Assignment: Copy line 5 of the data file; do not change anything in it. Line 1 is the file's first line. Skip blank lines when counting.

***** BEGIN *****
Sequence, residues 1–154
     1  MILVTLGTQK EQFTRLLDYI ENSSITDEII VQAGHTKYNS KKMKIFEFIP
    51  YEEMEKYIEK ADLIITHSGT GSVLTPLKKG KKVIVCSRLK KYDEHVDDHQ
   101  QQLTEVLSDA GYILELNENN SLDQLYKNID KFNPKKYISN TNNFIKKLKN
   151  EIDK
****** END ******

   151  EIDK